Is there still a future for the ICE? Where most developers are focussing on alternative solutions to power their vehicles while complying with laws and regulations, Mazda’s newly developed SkyActiv-X brings the internal combustion engine to a whole new level. Sort of. 

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Mazda found a rather clever way of utilising the properties of a compression ignition engine to extract every bit of stored energy out of petrol. Where as regular compression ignition (CI) engines run on diesel, Mazda squared the circle and enabled it to run on petrol. The result of this is the SkyActiv-X, a petrol engine with all the benefits of a modern diesel engine. The theoretical efficiency of an ICE is proportional to its compression ratio (keep this in mind for the rest of the article). That is one of the reasons why diesel engines deliver so much torque. However, merely increasing the compression ratio is not directly applicable to a petrol engine. 

CI engines as we know them

Perhaps you’re not really into engineering and physics. No worries, this article will get way less interesting then. A regular diesel engine works by compressing the air in the combustion chamber when the piston moves upwards. Thermodynamics show a relation between pressure, volume and temperature. The rather complex diagram in the image below shows the increase in pressure, when the camber’s volume decreases. When the air in the combustion chamber is compressed, the temperature rises. Due to the high compression ratio it is able to ignite the diesel that is injected into the cylinder. The rapid expansion of the combustibles, or explosion, pushes the piston down and delivers you torque at the crankshaft. No additional spark is needed in this process. But, if the CI engine already exists, what makes Mazda’s SkyActiv-X so advanced?

Knock Knock!

The thing is, with petrol you are limited by the knock resistance of the fuel. Engine knock is an unintentional pre-combustion at the wrong time in the cycle. Engine knock stresses certain vital components in a way they are not designed to withstand stress. By increasing the compression ratio, engine knock is more likely to occur. In theory you can run a petrol compression ignition engine, but due to the fine line between controlled combustion and knock, it is very hard to control engine knock over the rev range. Keep in mind that engines also operate under various loads. Higher octane fuels are more resistant to knock, but that high number doesn’t rule out the fact that petrol CI engines operate within such fine tolerances that make them unsuited for a car. In short: the reason why a regular CI engine doesn’t work with petrol is because of engine knock.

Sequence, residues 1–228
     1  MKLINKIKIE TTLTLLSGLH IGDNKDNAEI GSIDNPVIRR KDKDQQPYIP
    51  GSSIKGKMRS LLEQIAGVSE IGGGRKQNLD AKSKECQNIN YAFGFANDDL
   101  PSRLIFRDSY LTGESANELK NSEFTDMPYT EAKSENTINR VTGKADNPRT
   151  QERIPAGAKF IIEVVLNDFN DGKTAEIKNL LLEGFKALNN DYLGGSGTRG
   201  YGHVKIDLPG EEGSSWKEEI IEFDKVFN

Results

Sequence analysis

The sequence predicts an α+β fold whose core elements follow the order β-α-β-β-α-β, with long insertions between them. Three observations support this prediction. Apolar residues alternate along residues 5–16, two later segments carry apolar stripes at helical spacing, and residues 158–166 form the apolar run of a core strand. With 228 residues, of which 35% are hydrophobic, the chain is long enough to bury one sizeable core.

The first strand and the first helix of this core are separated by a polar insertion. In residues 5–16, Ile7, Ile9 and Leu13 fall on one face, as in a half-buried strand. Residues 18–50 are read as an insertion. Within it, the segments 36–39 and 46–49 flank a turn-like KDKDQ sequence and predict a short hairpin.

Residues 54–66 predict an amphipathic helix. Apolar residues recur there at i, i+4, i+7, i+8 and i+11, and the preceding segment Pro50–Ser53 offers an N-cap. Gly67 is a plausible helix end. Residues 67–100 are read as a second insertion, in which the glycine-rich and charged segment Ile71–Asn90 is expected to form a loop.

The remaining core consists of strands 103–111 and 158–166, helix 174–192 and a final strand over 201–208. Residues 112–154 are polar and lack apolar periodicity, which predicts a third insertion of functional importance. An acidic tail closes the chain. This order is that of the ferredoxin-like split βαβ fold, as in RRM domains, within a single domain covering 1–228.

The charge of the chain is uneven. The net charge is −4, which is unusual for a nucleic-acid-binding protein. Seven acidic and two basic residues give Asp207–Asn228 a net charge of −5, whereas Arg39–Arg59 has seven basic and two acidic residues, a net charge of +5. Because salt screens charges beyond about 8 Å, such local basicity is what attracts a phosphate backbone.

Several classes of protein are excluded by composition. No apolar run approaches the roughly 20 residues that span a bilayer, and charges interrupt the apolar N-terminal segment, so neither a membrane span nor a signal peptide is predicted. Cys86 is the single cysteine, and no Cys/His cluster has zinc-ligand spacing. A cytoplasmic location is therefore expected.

The solution

Mazda’s SkyActiv-X engine is revolutionary because it actually makes use of engine knock. In contrast to a diesel engine, the SkyActiv-X engine has a spark plug. However, that does not operate in the same way as it does in a regular petrol engine.

Here’s the thing that makes the SkyActiv-X engine so clever: by running an unheard of high compression ratio (16:1), the piston compresses the mixture to right before the point at which it ignites. Then, a few degrees before top dead centre, a small amount of fuel is sprayed into the combustion chamber next to the spark plug. The spark plug ignites that fuel and, when exploded, it creates a shockwave throughout the cylinder and ignites the rest of the mixture at once. There is your diesel characteristic. In summary, the SkyActiv-X controls engine knock with a spark plug and makes petrol CI technology suitable for automotive purposes. 

What’s remarkable is that because the operation is based on the principle of knock, the engine performs excellent at low octane fuel, fuel that is less resistant to knock. The high compression ratio at which this engine operates, combined with a supercharger, delivers the power you want. It does so while running a rather lean air-fuel mixture and therefore low fuel consumption. Mazda proves the ICE isn’t dead yet, thank you Mazda for helping us petrolheads out.